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Anne

simone_remy in melkam

Appendix to Lantern 2

Appendix to part 2

4 ~ On Thursday 16th a trunk full of sulphurous fuses was seized from a house located next to the Hotel de Ville. At the same time, trials of gunpowder were discovered extending from that house right up to the cellars of the galleries. One of the electors brought the news to the military committee who immediately sent commissaires to check the facts. The commissaires’ report confirmed the truth of the information.

5 ~ The Lantern had not read the Marquis’s supporting poster.

6 ~ Yes the premier person of the nation. I hear it said ‘What an honour M.Chapelier has received with the te deum. He has passed before the Keeper of the Seals; the Grand Master and the masses preceded him. He knelt on a cushion on the right hand of the king.’ It seems to me, however, that the president should not be on the right hand of the king, rather that the king should be on the right hand of the president.

Filii hominum, usquequo gravi corde?

7 ~ The illustrious Lantern is wrong. In tendering his resignation from the presidency, rather than dishonouring it by proclaiming the decree of Aug 23rd, M. de Clermont-Tonnerre showed himself worthy of the supreme honour of prince of the Senate. Here our beloved Lantern shows a little too much levity; she is carried away by her enthusiasm.

Mais quel auteur, grand dieu! ne va jamais trop loin ?

8 ~ In ‘Revolutions de Paris’, a journal which has been slightly critical of La France Libre, but which breathes patriotism from every page and strengthens itself daily with guiding principles, I admire the determination of the author to keep alive the memory of those soldiers who distinguished themselves at the Bastille. At the next review we will undoubtedly find MM. Hullin, Elie, Maillard, Humbert, Arné, Richard and Dupin at the head of the Paris militia. It will be surprising if we don’t at least see them at the side ofMM.de Montholon, d’Ormesson, le prince Léon, le duc d’Aumont, de Lally-Tolendal and de Saint-Christeau. The public will recall what Tacitus said, on the subject of a salon of his own time, where the painters dared not show portraits of Cassius and Brutus.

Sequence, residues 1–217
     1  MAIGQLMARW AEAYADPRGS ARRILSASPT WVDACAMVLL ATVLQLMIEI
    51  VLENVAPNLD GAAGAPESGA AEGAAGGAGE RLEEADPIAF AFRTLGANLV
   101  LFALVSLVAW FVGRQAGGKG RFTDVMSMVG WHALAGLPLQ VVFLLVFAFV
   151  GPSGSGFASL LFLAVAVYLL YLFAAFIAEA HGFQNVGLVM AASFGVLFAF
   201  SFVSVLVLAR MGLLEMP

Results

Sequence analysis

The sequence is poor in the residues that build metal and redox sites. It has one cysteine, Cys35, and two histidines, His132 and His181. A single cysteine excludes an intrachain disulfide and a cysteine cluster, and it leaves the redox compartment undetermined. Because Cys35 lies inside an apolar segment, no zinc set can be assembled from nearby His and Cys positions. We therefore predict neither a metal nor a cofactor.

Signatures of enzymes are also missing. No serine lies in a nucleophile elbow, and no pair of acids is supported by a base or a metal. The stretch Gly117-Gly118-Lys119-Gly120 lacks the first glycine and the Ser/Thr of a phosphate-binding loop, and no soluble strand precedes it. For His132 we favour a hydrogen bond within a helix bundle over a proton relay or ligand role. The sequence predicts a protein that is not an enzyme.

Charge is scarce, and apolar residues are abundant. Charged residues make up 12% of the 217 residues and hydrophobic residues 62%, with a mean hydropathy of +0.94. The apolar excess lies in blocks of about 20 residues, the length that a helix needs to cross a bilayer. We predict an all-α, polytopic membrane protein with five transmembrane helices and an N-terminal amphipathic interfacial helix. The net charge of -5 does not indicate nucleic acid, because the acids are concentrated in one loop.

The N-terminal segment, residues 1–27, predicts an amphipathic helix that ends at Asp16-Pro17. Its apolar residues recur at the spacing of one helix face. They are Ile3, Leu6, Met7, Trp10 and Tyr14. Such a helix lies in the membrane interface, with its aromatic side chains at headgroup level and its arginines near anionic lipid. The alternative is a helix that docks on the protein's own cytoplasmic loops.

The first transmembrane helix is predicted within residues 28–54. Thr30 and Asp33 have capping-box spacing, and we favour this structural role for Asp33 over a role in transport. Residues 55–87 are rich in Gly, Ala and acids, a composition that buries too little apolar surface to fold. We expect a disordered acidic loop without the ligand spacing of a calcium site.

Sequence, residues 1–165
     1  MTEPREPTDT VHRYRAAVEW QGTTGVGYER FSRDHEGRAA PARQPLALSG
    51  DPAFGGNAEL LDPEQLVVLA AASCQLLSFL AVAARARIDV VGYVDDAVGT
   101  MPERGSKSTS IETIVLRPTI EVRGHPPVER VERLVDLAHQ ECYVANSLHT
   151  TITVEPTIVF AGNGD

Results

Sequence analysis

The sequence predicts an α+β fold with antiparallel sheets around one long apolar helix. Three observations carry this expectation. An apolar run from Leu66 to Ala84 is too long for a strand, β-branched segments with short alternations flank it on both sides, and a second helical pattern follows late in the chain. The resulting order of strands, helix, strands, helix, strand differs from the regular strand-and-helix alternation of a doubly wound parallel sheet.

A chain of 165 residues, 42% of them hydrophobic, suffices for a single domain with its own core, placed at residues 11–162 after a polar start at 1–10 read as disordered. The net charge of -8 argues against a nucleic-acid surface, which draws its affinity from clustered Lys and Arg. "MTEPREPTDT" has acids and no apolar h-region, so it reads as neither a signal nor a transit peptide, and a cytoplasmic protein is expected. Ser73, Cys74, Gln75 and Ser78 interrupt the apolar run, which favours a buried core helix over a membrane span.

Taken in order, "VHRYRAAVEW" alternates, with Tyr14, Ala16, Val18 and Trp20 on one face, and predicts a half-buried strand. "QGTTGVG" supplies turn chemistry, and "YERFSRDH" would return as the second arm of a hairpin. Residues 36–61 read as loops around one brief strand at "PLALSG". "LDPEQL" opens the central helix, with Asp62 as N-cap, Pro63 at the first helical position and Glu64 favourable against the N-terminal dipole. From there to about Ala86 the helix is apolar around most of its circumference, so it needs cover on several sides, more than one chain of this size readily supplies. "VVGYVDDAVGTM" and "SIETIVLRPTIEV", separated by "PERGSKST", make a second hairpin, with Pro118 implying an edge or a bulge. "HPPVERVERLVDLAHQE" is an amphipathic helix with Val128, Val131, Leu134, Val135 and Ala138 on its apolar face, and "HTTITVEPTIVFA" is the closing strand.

Praefulgebant Cassius ey Brutus eo magis quod illorum effigies non videbantur

Brutus and Cassius were the most remarked upon precisely because they were not seen there. Undoubtedly M. de Lafayette will absolve Paris from this reproach. Among his engravings from the American war is one of the Comte d’Estaing on the walls of Grenada, embracing a soldier who had been the first to climb up there. He promoted him to Captain at a time when ordinary soldiers were excluded from gaining military rank.

There were no noblemen among our old Germanic forebears. ‘But’ the nobles will say, ‘What can we do, other than be officers?’ What can you do? Mount the first assault! Be first to put yourself in danger! Then you will lead the procession. Officers are revealed by their courage, not by paperwork. Oh for shame! Here in the eighteenth century, after the fall of the Bastille, the children of the enlightenment are less philosophical than their barbarian forefathers.

9 ~ It seems that M. de Lafayette thinks differently. Here is his response to some national guards who asked his permission to wear epaulettes; ‘Gladly, on condition that officers no longer wear them’. So we can see that M. the Marquis is convinced of the need for distinctions. He knows, however, that in the time of Athens’s greatest danger (the name Athens commands more attention and is more imposing than that of St Joseph’s district) the army camped at Marathon had ten commanders from the bourgeoisie, each one taking it in turn to command the Athenian militia. Each had their day, but they would wait for Miltiades turn to wage battle. Every distinction placed this man at the head of the ten, but no epaulettes are shown in the great painting which the town commissioned in memory of that day. Miltiades was immortalised by his actions on a single day; he took his place in the Prytaneon, at the table of great patriots. But the town would not dream of paying him a stipend of fifty talents for his place at table. A journalist wrote ‘empty dreams, product of a fevered mind, of a young writer who mistakes the French for the people of Solon! As if Athens did not have its Faubourg St Denis and its market women. There was this difference; in Athens the police committee did not stop tradesmen from crying their wares in the streets. Allow the barkers to catch cold; let discomfort stop the licence, not outright prohibition, then in six months we will rival the port of Piraeus.